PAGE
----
Retirement: Roth vs. Traditional IRA

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Today I want to discuss IRAs. If you have not heard of them, they are an awesome retirement option for Millennials to utilize.

An IRA is an individual retirement account. Individually, you can put $5,500 per year into a Roth or Traditional IRA. With a Roth IRA, you contribute money after you’ve paid taxes on it and then your money grows tax-free. That’s actually a really awesome deal and usually the best investment option for Millennials. In a Traditional IRA, you put money in before you pay taxes on it. In addition, you can usually deduct this contribution from your taxes if you don’t already have a retirement plan at work or if you make less than $71,000 a year.

If you make under $133,000 (for 2017), you should invest in a Roth IRA. If you make over $133,000 (as an individual or head of household), you can invest in a Traditional IRA and then later convert it to a Roth IRA, to take advantage of the tax-free growth. It’s usually pretty simple and easy to do a conversion.

If married filing jointly, you can contribute to an Roth IRA if you make less than $196,000.

Highlights of IRAs:

  • You can open up an Roth and/or a Traditional IRA in addition to any retirement option you have/participate in at work.

  • Both Roth and Traditional IRAs have annual (combined) contribution limits of $5,500 (or $6,500 if you are over the age of 50).

  • Roth IRAs allow you to contribute funds at any point in your life.

  • Traditional IRAs only allow contributions until the age of 70.5. At this age, you are required to start taking withdrawals (Note: this is for the Traditional IRA only. There is no such requirement for Roth).

  • You can contribute to an IRA up until April 15th (tax day) of the following year for the prior years contribution. For example, you can contribute for the year 2017 up until April 15, 2018.

  • You can easily rollover an old 401k into a IRA, usually into a traditional IRA (but then you can convert these funds into a Roth IRA and it then grows tax-free).

  • You have to be at least 59.5 before you can begin to make withdrawals from an IRA. Otherwise, there is a 10% federal tax penalty.

  • Roth IRA only has a 10% federal penalty tax on early withdrawals of earnings, but not contributions.

  • Traditional IRA has a 10% federal penalty tax on both contributions and earnings.

  • The exception to the early withdrawal penalty – first time home-buyers can withdraw up to $10,000 from their Roth IRA to use towards the purchase of their first home.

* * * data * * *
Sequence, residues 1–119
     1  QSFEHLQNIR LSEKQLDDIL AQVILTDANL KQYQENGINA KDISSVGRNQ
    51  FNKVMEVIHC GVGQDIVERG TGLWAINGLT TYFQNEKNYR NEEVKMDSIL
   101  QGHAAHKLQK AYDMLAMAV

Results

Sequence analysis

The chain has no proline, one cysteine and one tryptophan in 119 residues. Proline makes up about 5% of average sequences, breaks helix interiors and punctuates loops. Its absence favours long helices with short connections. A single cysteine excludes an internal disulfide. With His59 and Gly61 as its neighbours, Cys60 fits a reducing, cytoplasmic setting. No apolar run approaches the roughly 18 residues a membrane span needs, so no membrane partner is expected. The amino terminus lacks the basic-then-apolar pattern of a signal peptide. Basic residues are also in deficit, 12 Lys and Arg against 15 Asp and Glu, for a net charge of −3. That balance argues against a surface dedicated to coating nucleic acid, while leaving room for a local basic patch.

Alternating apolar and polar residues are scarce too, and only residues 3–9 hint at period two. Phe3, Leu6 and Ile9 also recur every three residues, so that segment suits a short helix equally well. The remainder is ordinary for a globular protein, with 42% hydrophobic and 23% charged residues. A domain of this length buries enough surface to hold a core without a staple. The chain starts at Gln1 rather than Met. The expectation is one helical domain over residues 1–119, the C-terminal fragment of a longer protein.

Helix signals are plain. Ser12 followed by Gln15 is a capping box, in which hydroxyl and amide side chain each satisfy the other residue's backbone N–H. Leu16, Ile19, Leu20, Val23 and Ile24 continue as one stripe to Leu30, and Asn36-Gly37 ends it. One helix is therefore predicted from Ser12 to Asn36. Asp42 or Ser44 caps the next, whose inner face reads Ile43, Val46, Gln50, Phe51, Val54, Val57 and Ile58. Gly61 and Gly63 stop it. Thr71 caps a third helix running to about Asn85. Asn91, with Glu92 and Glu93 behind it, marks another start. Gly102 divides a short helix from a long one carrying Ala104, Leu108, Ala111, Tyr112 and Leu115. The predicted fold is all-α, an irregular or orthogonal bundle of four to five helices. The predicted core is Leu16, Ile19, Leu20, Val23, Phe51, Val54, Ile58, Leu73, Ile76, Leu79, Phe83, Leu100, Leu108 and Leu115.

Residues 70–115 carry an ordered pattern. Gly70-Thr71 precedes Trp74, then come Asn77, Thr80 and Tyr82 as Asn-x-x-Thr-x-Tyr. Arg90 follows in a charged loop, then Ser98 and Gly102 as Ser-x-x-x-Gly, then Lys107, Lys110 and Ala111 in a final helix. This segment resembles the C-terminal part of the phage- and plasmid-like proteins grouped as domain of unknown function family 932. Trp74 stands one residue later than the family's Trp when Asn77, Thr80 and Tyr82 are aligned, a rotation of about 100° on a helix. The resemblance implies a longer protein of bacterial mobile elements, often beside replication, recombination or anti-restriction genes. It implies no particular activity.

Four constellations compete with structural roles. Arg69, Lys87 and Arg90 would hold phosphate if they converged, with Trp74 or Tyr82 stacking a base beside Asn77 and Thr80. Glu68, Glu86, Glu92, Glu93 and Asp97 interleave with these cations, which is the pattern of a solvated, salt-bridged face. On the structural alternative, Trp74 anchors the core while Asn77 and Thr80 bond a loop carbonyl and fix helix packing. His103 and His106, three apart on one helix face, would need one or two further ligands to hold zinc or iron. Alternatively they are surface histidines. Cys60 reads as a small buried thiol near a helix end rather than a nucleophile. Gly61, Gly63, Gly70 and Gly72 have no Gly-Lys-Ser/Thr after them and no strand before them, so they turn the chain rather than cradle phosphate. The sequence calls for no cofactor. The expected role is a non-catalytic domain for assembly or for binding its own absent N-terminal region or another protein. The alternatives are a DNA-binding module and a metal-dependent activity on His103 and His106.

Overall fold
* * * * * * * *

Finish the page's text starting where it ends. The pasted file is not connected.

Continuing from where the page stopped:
It is important to remember IRAs are retirement vehicles that hold investments so you have to pick and build your portfolio (what goes inside it) – often this includes mutual funds, index funds, ETFs, and/or bonds. You can open an IRA broker account online. Examples of providers are Vangard, Betterment, TD Ameritrade, Scottrade, TIAA, Fidelity, Charles Schwab, E-Trade, Merrill Edge, Options House, Trade King, Wealthfront and more. Overwhelming much? Yup, there are a lot of options available.

I highly recommend Betterment, especially if you are new investor and/or want hands-free investing, but TD AmeritradeVangard and Fidelity are also great options if you are looking to DIY your portfolio. Go here if your would like to compare and contrast the different brokerage options.



In general, you want to look for a broker that:

  • Has low or no account fees.

  • Has a wide selection of no-transaction-fee mutual funds and commission-free exchange-traded funds (ETFs).

  • Provides solid, exceptional customer service support and investor education resources (you need this especially if you’re a beginner).

  • Has low fund minimums. Some online brokers have a $0 initial deposit minimum, but the mutual funds require a minimum investment of $1,000 or more (sometimes the minimum is $10k). Until you build up to that amount, your money will just sit in a cash account, not making any earnings/returns. So, look for a broker that will allow you to start investing immediately with the money you have.

Overall, the clear winner is the Roth IRA (but all IRAs are great in general)! You can withdraw any contributions at any time, but it’s best to leave your money in so it can grow! You can actually leave the money your Roth forever and then bequeath it to someone when you die (i.e. spouse, children, grandchildren, etc.). This actually makes them a really great wealth transfer vehicles. Any beneficiaries of a Roth IRA do not owe income tax on withdrawals and can extend their distributions over a longer period of time.

Ready to open up an IRA now? Great!!

For more information on IRAs, visit the IRS page on them.

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